🎁

12 Days of Baddass Courses sale! Get instant access to the entire egghead library of courses and lessons for 58% off.

Runs out in:
13 : 08 : 47 : 01
Join egghead, unlock knowledge.

Want more egghead? It's 58% off for a limited time only!

This lesson is for members. Join us? Get access to all 3,000+ tutorials + a community with expert developers around the world.

Unlock All Content for 40% Off
1×
Become a member
to unlock all features
Autoplay

    Set Up Tests that Render a React Component with Jest and Babel

    Andy Van SlaarsAndy Van Slaars
    jestJest

    Testing a React component takes a little more configuration than a test for standard JavaScript. In this lesson, we’ll install and configure react-testing-library and jest-dom matchers, create a test that renders our App component and configure it all to work properly with Babel 7 and dynamic import syntax.

    Code

    Code

    Become a Member to view code

    You must be a Member to view code

    Access all courses and lessons, track your progress, gain confidence and expertise.

    Become a Member
    and unlock code for this lesson
    Discuss

    Discuss

    Transcript

    Transcript

    Instructor: Now that we know our test script is working, we need to be able to create a valuable test. Since this is a test file for our app component, we need to be able to test React components. I'm going to go into the terminal, and I'm going to do a couple more installs.

    I'm going to run npm i -d react-testing-library and jest-dom. With those installed, let's update our test. Back up in the editor, I'm going to add a couple of imports. I'm going to import react from react, and I'm also going to import render from react-testing-library, and I'm going to import jest-dom/extend-expect.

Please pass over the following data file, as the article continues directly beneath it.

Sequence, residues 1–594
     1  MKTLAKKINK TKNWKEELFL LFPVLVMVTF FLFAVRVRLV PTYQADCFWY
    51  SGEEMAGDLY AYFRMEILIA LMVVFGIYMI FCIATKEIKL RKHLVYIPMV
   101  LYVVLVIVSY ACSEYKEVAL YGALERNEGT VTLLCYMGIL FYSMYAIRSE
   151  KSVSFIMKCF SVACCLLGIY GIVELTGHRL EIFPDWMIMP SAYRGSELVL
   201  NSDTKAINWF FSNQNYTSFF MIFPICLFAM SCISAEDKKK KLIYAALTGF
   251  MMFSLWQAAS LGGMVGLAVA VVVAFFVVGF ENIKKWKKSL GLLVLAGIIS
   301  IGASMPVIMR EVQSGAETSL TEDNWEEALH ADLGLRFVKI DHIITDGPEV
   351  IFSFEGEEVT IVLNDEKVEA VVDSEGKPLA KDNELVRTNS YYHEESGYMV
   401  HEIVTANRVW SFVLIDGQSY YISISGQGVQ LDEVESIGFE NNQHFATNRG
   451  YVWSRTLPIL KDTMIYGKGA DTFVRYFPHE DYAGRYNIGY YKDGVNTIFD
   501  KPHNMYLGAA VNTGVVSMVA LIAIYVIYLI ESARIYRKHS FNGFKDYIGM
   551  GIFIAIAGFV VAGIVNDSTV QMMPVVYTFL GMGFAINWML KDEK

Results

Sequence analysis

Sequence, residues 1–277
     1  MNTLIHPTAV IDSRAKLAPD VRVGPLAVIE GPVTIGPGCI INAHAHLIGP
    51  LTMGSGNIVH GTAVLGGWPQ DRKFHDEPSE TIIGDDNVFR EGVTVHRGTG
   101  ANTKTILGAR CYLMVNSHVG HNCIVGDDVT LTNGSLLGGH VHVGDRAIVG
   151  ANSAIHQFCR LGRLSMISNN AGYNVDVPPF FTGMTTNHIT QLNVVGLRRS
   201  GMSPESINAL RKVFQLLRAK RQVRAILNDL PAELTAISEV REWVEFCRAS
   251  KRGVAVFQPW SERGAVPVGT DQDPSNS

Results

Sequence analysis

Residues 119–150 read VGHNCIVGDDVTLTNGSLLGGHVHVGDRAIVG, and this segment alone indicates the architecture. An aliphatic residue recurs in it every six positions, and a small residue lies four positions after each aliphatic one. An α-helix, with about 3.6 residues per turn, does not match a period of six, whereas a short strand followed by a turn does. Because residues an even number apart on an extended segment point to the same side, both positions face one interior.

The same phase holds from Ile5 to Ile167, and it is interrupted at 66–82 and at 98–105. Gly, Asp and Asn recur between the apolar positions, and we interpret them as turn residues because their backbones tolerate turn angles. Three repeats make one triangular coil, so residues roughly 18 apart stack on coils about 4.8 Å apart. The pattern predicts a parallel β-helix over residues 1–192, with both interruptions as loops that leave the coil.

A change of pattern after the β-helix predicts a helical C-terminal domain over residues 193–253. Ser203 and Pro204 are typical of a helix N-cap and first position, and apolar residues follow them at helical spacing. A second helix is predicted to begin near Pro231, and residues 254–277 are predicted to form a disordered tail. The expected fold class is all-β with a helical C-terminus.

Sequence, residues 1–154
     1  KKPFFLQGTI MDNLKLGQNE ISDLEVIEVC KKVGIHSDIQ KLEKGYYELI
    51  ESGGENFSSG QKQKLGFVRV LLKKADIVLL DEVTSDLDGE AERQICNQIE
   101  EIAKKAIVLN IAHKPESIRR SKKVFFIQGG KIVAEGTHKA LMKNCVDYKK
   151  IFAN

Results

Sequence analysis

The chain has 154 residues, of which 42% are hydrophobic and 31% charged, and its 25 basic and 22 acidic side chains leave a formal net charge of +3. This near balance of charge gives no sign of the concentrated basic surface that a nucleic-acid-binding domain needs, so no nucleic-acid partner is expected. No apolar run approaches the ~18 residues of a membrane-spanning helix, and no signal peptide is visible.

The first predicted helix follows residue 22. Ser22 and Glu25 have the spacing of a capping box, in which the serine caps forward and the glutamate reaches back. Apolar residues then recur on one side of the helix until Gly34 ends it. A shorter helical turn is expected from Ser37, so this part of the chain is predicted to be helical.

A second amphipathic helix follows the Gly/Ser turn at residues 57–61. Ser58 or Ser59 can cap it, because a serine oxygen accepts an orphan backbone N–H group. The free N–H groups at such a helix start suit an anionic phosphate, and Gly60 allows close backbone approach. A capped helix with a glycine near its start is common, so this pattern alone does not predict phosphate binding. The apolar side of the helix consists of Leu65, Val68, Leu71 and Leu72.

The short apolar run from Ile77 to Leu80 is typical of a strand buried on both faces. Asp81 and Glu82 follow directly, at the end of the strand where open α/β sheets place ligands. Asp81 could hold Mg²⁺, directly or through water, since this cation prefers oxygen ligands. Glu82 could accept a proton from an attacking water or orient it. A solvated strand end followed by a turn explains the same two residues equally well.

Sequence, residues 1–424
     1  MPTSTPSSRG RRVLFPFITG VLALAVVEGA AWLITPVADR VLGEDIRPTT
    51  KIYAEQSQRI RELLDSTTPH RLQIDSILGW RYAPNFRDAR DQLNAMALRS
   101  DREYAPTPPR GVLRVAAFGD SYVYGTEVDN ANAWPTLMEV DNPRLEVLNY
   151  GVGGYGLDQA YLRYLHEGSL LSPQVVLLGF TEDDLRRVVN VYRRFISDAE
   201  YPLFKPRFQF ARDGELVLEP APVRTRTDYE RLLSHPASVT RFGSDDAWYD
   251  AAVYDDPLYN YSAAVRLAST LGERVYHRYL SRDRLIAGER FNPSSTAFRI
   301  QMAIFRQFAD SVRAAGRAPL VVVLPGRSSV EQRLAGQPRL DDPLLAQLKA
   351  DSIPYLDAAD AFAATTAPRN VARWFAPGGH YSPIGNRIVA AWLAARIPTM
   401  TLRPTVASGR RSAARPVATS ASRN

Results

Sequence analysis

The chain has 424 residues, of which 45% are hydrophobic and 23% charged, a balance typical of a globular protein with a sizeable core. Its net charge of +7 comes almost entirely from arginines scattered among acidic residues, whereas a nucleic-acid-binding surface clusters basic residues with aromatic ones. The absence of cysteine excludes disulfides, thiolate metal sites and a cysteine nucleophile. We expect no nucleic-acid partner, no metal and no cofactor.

This is going to add some extra matchers that are specific to testing DOM. I'm also going to import react-testing-library/clean-up-after-each. This is going to run some code after each test that'll clean up the virtual DOM to make sure that we don't have any state hanging around from one test to the next.

    Then we want to test our app component, so we're going to import app from app. Now, I'm going to go down to my test. I'm going to update my name here, and we're going to say that it renders without error. I'm going to replace the body of my test, and I'm going to call render. I'm going to pass that app.

    I'll save that, and then I'm going to run npm test. Our test is going to fail. If I expand the terminal here, we can see that it's having a problem with the JSX in our test. There's a lot of descriptive information here, but it's basically telling us that we don't have standard JavaScript and we need to transform our code in order to test it.

    Let's fix this. In our webpack config, we're using Babel to transform our application code. We want to do the same thing for our test code. I'm going to come into this webpack.config.base, and I'll get the terminal out of the way. We'll see that we have all of this configuration for Babel.